Quit Making Such a Racquet

Okay, dyed-in-the-wool sports fans. Here's one for you. Bohdan Ulihrach. Tell us

about Bohdan Ulihrach. Never heard of him? Fine. How about Filip DeWulf? Put together, if you will, a couple of cogent facts concerning his life and career. No? All right, then. Jan Siemerink. That's S-I-E-M...Still coming up empty? Take a shot at, let's see here, Felix Mantilla. No, we don't mean the old Milwaukee Braves infielder. This is the Felix Mantilla who, a couple of weeks back, took out Alberto Berasategui.

Don't sweat it. A lot of people who are supposed to know the difference between a double fault and a double Scotch have never heard of these guys, either--despite the fact that every last one of them now outranks a guy named Andre Agassi in the professional tennis standings. No surprise: Most of them hit the ball even harder than he does.

Andre Agassi. Now, there's a personality everyone knows. Baggy black shorts hanging down to his ankles. Big gold earring. Shaved head. The best court sense and quickest ground strokes in the game. A guy who can hit scorching winners from virtually anywhere on the court. Number one in the rankings, $13 million in prize money. Punked-out, cocky, teen idol Andre Agassi--the co-heavyweight champion of tennis, along with his old pal and adversary, Pete Sampras. Their rivalry is bound to revive a game in bad need of an energy transfusion.

That, at least, was the conventional wisdom in 1995. Today Andre Agassi is ranked No. 75 in the world (his wife's new TV show is No. 4), and he hasn't survived the first round of his last four tournaments. Agassi and bride Brooke Shields have just plunked down two million bucks for a new house in Las Vegas, but since 1996, his match record in big events is a dismal 8-13, and he hasn't reached a final in a year and a half. He's even talking about retirement.

After getting blown off the court last Tuesday in the ATP Championships in Mason, Ohio--by someone else whose name no one can remember--the guy who was once heralded as the savior of tennis had this to say: "It sucks. I'm just not picking up the ball well. I feel like a completely different player."

Whoever he is, Agassi will take another shot at comeback on September 25, when the U.S. Open gets under way on the hard courts in Flushing, New York. Agassi won this Grand Slam event in 1994, and he was a finalist in 1990 and 1995--losing both times to Sampras. But that success--and that budding rivalry--must seem like a long, long time ago, a different world. Today Agassi's game is as tired as men's tennis itself, and a star has turned into a symptom.

There's more tennis on television than ever before, but audience ratings are down. With the retirement of Martina Navratilova and Stefan Edberg (Boris Becker will soon follow suit), there are fewer big names but even more "big games," and the public doesn't like it.

Who can blame them? Is there anything duller in all of sport than watching huge Goran Ivanisevic or powerful Becker smash twenty-five or thirty 135-mile-an-hour aces past some poor devil standing on the other end of the court? Is there anything less interesting than the phenom of the week, equipped with his brand-new rocket launcher, hitting missile forehands up the line, point after point after point? Armed with extra-long racquets made of kevlar or zylon or high modulus graphite, today's male touring pros are not so much tennis players as assassins. Except on clay courts, the finesse and strategy that once made tennis one of the most beautiful sports to watch--even on television--has vanished from the men's game. Sheer firepower, that's the whole ballgame now.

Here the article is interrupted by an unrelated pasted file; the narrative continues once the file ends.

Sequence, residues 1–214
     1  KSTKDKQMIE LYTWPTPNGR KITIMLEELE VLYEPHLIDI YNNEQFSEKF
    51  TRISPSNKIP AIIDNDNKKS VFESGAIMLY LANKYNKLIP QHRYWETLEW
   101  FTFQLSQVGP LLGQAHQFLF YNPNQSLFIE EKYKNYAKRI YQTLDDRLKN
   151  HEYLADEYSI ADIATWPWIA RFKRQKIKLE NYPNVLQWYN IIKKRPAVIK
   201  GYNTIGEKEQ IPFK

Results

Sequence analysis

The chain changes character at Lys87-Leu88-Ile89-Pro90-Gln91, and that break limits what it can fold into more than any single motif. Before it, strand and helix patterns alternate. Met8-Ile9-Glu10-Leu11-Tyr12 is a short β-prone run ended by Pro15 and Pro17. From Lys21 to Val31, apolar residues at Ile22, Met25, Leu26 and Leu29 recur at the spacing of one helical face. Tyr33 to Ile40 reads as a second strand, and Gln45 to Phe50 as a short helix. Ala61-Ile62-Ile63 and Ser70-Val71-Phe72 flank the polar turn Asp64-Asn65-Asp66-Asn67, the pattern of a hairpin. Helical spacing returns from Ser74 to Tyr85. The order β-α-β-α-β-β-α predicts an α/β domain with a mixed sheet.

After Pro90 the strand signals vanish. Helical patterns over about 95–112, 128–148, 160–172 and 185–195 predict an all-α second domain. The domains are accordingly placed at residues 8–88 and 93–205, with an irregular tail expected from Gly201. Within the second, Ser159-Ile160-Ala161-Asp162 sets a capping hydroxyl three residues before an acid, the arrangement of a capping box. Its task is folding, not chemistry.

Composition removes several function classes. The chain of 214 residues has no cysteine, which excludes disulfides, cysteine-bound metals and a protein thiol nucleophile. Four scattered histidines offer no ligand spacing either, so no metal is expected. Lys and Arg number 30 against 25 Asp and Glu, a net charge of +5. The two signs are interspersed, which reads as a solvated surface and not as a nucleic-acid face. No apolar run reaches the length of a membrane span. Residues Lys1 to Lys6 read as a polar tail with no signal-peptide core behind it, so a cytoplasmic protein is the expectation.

Pete Sampras? He's the world's best player, but is he enjoyable to watch? I don't think so. With his huge serve, laser-beam ground strokes and screaming putaway volleys, Pete's mighty impressive, to be sure. But every time I see this heavily armed automaton do his thing, I can't help thinking you might as well set up a machine gun out there and pull the trigger. It's not Sampras's fault, but men's tennis has sold its soul to the Wilson Sledgehammer and the Prince Thunderbolt.

Who cares if Andre Agassi makes a comeback? Tennis has turned into impersonal, high-tech warfare. Tom Clancy could write an action novel about it--with Bohdan Ulihrach as the intrepid hero.

The slower women's game still looks like tennis--as does the men's when on clay--and from this the game's potentates should finally get a clue. Although wood-racquet retro tournaments have become the vogue among some club players on the East Coast (more game, more feel), touring pros aren't about to give up their space-age weapons for Rod Laver's old woody, and they shouldn't have to. Instead, the game's rulemakers should probably be experimenting with softer court surfaces and slower tennis balls--to put a little artistry back into tennis.

What would you rather watch? Mark Philippoussis blistering a 140-mile-an-hour ace past his defenseless opponent on every other point, or John McEnroe working his way up to the net on three or four varied strokes, then slicing a perfectly placed volley into the corner for a winner? I know, I know. This is the age of bombastic special effects. But isn't there still a place for drama?

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